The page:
On my road to recovery from a torn hamstring, I was sent on a rehab assignment to the minor leagues. From the day I limped out of the operating room, I had been working to get back on the field. Underwater treadmills, ultrasounds, weights and crawling around on scooters were just some of the rehab efforts. At one point, I stopped making progress: I had hit a brick wall. I could not move forward, my leg was throbbing, I couldn't get loose. It was the moment when I reflected; the moment when I looked back and tried to make sense of how I got to that particular moment and what it all meant. I also wondered if this was the marker that meant my career was over.
The hard worker in me could not imagine stopping even for a day. By taking a day off from doing everything in my power to get back on that field by working, I thought I was cheating myself, cheating the Texas Rangers and my free-agent deal. But after having no success in getting loose, I took a day off. I had to fight the "powers that be" for it, but I felt I had no choice; my body was not responding to anything. It turned out to be the best thing I could have ever done.
The Baseball Hall of Fame has taken that day off; in fact, it has taken a year off. The voting body is frozen -- frozen from uncertainty, frozen from impossibility, frozen from the sheer knowledge that nothing can happen until everything is rethought. And this may well be what is necessary for the Hall of Fame to move forward.
When I took that day off, I took inventory. I rested. I got off the turbo treadmill that drove me to work so hard that I missed the idea of taking a day off to heal. Regrouping is every bit as important as gaining ground by limping through a wind sprint.
Baseball already has the challenge of seemingly having no beginning or end; it has always been a continuum, a never-ending story that folds back onto itself. When you get the gift of playing at the major league level, you bring no clock, you set no clock, you play without a clock. You are always in between. In between Brian McRae and Corey Patterson, in between Lenny Dykstra and Shane Victorino, in between alternate uniforms, even in between Jackie Robinson and diversity. You do not get a minute to ask how or why you do what you do in the middle of your career. You have no time, because there is no time.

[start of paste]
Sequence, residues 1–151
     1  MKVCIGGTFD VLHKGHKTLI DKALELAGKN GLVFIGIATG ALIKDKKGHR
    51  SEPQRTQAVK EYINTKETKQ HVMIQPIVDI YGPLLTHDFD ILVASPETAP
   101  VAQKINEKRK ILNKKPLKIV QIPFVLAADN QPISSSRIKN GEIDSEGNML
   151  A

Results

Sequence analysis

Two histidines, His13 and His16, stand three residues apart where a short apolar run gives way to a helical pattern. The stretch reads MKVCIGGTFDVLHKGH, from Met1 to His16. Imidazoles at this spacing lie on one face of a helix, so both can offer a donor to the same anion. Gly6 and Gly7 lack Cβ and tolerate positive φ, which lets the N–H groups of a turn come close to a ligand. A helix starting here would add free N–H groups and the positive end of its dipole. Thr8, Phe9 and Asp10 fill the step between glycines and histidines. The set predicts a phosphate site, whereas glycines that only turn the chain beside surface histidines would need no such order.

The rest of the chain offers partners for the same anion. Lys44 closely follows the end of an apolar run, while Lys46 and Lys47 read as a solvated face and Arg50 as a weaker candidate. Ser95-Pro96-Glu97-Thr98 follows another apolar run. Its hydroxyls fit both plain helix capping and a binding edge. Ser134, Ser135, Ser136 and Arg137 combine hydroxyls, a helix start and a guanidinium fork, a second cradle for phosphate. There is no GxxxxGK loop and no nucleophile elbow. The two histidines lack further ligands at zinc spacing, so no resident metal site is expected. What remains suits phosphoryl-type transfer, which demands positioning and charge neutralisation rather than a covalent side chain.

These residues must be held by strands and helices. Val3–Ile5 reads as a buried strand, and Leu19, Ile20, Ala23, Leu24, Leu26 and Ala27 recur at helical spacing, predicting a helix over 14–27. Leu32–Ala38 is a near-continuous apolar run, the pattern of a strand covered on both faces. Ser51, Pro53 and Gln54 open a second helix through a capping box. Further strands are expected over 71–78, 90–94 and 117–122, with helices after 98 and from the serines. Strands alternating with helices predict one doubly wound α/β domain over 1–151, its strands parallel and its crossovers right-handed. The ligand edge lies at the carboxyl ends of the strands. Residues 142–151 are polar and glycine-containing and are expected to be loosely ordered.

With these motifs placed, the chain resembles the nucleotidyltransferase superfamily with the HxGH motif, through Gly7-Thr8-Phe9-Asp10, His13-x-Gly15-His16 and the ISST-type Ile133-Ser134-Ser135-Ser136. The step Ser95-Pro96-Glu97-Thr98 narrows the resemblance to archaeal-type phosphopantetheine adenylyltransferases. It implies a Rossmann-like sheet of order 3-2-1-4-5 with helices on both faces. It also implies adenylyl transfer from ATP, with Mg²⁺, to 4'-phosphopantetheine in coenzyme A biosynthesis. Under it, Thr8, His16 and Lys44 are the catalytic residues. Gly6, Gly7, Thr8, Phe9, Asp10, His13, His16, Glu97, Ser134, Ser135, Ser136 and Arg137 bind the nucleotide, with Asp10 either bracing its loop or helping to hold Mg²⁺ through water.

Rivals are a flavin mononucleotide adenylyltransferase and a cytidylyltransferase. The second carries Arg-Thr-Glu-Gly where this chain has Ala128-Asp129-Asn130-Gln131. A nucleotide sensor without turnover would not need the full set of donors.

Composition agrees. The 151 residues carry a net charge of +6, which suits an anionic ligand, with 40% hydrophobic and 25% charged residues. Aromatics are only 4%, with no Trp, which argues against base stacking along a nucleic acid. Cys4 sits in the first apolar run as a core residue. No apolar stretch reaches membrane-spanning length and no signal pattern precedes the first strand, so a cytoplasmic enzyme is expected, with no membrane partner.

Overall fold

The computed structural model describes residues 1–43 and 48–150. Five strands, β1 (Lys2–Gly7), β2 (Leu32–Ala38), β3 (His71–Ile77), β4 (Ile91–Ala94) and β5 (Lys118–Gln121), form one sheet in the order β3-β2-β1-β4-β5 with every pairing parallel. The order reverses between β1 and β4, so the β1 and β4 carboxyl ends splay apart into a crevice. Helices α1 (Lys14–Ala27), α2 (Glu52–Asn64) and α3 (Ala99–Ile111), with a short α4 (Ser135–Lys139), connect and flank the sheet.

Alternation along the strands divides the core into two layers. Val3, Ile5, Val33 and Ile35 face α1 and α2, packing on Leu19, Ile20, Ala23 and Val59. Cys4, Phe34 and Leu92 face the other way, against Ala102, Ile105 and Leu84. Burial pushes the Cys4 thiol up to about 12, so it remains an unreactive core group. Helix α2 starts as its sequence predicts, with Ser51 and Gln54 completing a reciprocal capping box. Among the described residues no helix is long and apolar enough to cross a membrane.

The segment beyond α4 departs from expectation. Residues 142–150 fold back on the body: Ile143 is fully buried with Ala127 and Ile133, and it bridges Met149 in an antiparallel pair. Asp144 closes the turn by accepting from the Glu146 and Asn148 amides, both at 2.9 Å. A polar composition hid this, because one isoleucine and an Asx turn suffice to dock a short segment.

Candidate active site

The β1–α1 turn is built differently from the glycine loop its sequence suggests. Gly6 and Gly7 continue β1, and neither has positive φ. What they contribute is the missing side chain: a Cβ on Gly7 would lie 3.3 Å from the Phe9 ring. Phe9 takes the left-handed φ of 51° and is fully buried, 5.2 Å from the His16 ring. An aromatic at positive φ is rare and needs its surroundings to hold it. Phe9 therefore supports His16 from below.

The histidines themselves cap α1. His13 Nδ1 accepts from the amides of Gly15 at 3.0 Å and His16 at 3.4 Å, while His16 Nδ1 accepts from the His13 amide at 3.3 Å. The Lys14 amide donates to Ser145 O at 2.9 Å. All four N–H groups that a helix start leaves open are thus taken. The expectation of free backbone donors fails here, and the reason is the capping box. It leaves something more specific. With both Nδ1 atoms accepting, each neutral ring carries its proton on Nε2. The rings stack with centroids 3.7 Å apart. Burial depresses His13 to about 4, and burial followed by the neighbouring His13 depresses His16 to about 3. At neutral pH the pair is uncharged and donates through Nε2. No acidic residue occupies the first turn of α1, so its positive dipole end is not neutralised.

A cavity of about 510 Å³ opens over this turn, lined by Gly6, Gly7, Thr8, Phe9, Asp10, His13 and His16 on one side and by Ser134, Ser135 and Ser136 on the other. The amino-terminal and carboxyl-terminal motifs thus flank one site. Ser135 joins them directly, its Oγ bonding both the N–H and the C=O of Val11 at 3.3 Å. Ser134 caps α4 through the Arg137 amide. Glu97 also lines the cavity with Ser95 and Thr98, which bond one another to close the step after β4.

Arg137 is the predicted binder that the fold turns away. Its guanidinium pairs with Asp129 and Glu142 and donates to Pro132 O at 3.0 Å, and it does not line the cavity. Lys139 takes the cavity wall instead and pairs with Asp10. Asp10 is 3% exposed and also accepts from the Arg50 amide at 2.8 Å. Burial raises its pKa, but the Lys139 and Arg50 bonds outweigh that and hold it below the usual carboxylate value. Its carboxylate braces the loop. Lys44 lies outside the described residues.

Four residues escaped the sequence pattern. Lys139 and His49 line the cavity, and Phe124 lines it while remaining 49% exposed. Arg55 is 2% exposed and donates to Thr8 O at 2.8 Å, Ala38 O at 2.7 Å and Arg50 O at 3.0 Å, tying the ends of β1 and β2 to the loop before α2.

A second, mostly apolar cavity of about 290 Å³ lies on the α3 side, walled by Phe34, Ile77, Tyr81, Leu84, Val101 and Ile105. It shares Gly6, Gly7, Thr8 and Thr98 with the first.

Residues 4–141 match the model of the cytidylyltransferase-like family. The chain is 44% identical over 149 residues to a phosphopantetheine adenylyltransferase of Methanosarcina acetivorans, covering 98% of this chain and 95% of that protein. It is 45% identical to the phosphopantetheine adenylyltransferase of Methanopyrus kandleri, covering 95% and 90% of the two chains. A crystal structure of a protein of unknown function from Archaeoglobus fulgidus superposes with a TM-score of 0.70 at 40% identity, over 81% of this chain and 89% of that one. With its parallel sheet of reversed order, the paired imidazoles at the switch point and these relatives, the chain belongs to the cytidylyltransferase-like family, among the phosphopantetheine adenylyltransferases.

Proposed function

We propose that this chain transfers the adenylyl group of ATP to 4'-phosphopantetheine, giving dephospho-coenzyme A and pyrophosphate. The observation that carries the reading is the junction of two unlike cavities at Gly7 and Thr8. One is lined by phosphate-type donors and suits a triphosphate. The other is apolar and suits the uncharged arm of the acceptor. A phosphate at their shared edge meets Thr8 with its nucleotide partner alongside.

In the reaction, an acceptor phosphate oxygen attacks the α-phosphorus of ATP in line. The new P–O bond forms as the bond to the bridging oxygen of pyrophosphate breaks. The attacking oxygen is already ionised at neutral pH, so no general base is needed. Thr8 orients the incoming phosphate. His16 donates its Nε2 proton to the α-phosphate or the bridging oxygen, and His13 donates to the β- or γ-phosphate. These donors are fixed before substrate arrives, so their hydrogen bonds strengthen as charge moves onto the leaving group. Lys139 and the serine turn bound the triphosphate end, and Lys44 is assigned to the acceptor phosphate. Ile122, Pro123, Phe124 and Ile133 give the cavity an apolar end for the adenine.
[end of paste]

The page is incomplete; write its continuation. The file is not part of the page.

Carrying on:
A rehab assignment may be the most sobering and time-sensitive experience a major league player can have in understanding what this game means to him. It is then when you redefine your purpose.
And that's exactly what the National Baseball Hall of Fame needs: a rehab assignment. That self-regulating moment that demands change. Like the game itself, the Hall can hardly stop as history is too busy being made in the inevitable collision between the cold hard facts and the aspiration of honoring the greatest players who made those facts come to life.
But I like the idea of taking inventory, doing spring cleaning, going through the archives and realizing that some things can be thrown out.
As the Hall of Fame has explained, it is also a museum. It marks the foul lines of everything that happened in this game as it happened, just as the steroid era, the deadball era and the era of integration all happened. But proudly, for a long time, it has been a gold standard, qualifying the quantifiable, bringing meaning to what we are counting so obsessively.
Yet, we are lost, just as the game lost its way when the numbers were inflated, floating into space on the helium of false hope. We lost why we were counting, what we were counting. Those, like the voting body, who helped bring the game into context stopped understanding what they were seeing. We no longer trusted anything because the numbers were lying exponentially.
This Hall of Fame logjam was inevitable; it was the natural progression of winning and producing at all costs with nothing but self in mind. It began with a few players having suspiciously exceptional years, and it now sits with exceptional performance no longer being believable. The Class of 2013 with all its big numbers is collectively now considered exceptionally impossible.
Then the Hall of Fame began to ask itself, "What are we without some of the greatest that ever played?" A lost era of the game was played by altered supermen who crashed to earth, leaving everyone to interpret the wreckage. We found, in baseball, that what goes up individually still must come down, together.
After that day off, I improved every day. My leg felt better, I had no setbacks, I steadily got my speed back and my timing. The Hall of Fame now has its day off, too. And it can either redefine greatness or decide to focus on just letting baseball's story be told as is. Enhanced or not, it's still an exceptional story.